Samuel, 11, from Hampshire, who needs physio three times a day to help his lung problem, took this photo to show his condition. & # 39; It feels like my lungs contain water, & # 39; he said, & # 39; as if I swallowed a load of water and it ended up in my lungs instead of my belly & # 39 ;.
INSOLES IN MY SHOES / STRUGGLES TO RUN
Another photo with the worn-out shoe soles of 17-year-old Angelique, who has spastic diplegic cerebral palsy, from Cheshire, was also in the top category.
& # 39; I wear thick, heavy shoes to help me walk and specially adapted insoles to support my feet and my balance. My toes become stiff and tense and I put a lot of pressure on the insole, often a hole in it, & she said.
& # 39; They become hot and uncomfortable. My insoles represent the effort I put into life and the help and support that my family and medical profession offer. I am determined to succeed!
& # 39; I go to a special school and have had many operations of my feet and an SDR on my back to help me walk and relieve my pain, & # 39; she said.
& # 39; I have been doing specialist physiotherapy since my nine months, visited Stick & # 39; n & # 39; Step (a charity for conducting education) for 16 years to help me walk and be independent. & # 39;
This photo of shoe soles was also on the shortlist. It was taken by Angelique, 17, from Cheshire, who suffers from spastic diplegic cerebral palsy and has difficulty walking. & # 39; I wear thick, heavy shoes to help me walk and specially adapted insoles to support my feet & she said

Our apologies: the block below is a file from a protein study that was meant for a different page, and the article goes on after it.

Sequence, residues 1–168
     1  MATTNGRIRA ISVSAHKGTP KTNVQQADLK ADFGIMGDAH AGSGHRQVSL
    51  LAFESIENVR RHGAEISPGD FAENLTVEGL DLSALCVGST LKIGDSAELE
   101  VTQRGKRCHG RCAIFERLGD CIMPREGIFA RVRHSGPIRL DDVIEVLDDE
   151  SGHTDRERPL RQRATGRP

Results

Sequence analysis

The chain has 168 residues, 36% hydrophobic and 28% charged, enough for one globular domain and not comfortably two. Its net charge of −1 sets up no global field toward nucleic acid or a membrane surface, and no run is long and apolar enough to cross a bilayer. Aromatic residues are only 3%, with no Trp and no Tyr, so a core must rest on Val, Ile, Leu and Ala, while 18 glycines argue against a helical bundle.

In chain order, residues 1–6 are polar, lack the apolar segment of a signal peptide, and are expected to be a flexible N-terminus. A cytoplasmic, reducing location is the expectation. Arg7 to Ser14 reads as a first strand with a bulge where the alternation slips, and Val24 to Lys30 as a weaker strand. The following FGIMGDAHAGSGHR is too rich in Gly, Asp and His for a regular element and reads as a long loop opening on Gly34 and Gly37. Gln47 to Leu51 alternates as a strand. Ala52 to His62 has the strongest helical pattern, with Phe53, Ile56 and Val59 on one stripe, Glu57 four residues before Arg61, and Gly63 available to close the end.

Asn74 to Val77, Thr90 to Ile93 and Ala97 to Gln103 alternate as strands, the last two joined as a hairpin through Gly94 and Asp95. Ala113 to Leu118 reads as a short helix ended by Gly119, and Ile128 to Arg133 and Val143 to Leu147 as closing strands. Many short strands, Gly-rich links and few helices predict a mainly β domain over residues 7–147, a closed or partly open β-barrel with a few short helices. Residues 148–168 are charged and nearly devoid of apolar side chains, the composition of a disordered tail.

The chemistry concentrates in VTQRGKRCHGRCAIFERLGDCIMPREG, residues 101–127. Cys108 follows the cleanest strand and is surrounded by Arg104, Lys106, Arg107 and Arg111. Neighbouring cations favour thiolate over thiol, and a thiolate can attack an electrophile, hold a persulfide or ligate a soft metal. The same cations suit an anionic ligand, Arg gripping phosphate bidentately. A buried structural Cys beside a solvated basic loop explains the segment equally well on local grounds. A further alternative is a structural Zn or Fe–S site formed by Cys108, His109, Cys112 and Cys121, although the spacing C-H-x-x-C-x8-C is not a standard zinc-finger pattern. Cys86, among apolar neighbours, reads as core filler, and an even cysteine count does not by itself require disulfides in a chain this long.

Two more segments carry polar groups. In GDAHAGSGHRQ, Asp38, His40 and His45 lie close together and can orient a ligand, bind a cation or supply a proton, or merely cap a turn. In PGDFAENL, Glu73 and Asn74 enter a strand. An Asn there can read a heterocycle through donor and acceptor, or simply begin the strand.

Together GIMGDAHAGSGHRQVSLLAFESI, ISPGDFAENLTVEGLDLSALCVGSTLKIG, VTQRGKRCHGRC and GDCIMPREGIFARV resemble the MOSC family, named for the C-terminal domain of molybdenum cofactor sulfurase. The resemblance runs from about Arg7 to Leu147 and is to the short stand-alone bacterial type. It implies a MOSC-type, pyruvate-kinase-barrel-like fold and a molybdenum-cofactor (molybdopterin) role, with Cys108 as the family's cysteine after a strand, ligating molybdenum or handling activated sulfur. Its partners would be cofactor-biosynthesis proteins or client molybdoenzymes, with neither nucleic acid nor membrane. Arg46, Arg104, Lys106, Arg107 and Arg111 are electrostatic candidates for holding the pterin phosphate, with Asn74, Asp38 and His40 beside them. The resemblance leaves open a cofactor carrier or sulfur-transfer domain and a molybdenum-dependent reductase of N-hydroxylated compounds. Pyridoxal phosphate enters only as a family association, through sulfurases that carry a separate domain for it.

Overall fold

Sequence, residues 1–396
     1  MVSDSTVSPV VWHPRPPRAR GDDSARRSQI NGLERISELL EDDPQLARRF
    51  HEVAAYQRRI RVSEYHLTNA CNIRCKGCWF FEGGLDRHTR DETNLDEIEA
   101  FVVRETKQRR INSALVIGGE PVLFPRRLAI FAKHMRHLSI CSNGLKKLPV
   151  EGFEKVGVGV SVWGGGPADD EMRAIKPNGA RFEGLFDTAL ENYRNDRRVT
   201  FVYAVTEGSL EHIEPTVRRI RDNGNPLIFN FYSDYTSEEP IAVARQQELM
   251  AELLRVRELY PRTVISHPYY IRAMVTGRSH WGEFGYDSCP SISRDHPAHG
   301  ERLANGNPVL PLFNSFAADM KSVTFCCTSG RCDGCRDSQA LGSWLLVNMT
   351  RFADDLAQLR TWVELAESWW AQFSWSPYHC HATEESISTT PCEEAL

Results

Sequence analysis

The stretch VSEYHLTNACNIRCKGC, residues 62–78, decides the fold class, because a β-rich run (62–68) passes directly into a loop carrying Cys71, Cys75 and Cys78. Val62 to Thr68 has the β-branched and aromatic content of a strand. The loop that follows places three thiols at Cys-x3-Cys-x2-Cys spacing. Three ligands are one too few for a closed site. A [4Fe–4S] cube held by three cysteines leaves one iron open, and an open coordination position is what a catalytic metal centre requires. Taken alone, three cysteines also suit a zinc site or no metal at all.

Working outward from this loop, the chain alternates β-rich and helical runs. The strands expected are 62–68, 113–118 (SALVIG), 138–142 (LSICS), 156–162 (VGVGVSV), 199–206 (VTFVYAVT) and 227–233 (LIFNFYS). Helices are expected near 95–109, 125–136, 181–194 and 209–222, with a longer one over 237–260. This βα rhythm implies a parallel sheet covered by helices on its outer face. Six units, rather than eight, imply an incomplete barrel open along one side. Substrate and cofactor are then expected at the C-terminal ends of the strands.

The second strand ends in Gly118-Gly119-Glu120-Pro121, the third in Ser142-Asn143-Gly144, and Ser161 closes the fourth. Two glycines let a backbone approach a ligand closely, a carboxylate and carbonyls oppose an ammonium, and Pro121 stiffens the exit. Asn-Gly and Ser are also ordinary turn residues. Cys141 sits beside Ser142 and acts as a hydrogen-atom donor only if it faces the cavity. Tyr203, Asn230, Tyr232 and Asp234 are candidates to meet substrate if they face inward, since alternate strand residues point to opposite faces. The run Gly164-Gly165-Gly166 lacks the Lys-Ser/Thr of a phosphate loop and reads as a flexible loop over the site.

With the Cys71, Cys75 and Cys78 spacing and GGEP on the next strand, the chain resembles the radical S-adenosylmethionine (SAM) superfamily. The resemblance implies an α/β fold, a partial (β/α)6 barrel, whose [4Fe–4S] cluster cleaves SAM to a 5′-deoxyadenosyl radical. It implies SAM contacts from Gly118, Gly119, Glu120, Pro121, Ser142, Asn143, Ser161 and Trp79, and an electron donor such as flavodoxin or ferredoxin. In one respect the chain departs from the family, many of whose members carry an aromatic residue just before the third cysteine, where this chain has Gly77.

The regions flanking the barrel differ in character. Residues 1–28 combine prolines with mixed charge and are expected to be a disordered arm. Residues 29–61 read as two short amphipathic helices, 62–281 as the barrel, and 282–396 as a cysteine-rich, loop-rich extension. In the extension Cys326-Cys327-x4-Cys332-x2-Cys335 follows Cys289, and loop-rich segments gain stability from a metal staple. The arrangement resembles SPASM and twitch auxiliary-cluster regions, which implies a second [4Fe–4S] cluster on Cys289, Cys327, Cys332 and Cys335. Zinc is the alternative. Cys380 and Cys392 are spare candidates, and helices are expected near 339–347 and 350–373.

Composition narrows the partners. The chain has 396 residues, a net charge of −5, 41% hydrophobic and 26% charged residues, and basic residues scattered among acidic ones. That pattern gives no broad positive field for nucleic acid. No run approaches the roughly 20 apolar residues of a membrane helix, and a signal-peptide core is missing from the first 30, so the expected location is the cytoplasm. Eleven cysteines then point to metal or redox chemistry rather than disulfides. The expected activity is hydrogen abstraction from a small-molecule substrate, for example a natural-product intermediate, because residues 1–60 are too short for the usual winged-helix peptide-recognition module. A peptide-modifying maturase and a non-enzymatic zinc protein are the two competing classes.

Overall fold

LISTEN WITH YOUR EYES, NOT ONLY YOUR EARS
Curtis, 12, from Cornwall, who is deafblind and non-verbal, sent a picture of his hand and his eye.
His photo is endorsed: & (39) (My condition) does not mean that I have nothing to say.
& # 39; Slow down a bit, take my hand and I will leave you in my world. I talk to my hands, not to my mouth, show me your hands … let's talk. & # 39;
Curtis, 12, from Cornwall, who is deafblind and non-verbal, has submitted this photo for the competition. He said: & # 39; I talk to my hands, not to my mouth, show me your hands … let's talk & # 39;
Among other participants on the shortlist was Dakota, six, from Somerset, who sent a photo of his disabled older brother Ethan in a swing.
& # 39; This is used to place it anywhere, & # 39; he said. & # 39; I like to spin it because it likes it. I love my big brother because he likes it when I play with him. & # 39;
Six-year-old Dakota from Somerset sent this photo of his older brother Ethan in a sling. & # 39; I like to spin it because it likes it, & # 39; said Dakota, & # 39; I love my big brother because he likes it when I play with him. & # 39;
A heart-warming image of & # 39; super & # 39; George, 9, from Prestatyn, North Wales, who hit the sky on the coast, also made the list.
& # 39; Despite the greatest challenges George has never given up & # 39 ;, the unnamed photographer wrote. & # 39; He has experienced so much and never moans and always does his best & # 39 ;.
& # 39; This photo represents the power he has shown throughout his life. I met a boy whose eyes showed me that past, present and future were all the same. & # 39;
A photo of & # 39; super & # 39; George, 9, from Prestatyn, North Wales, also made the top ten. He saw the sky hit the shoreline. & # 39; Despite the biggest challenges George has never given up & # 39 ;, his submitter said
THROUGH MY BARRIERS
20-year-old Myles, from Nottingham, who is wheelchair-bound, sent a photo of a lion through railings.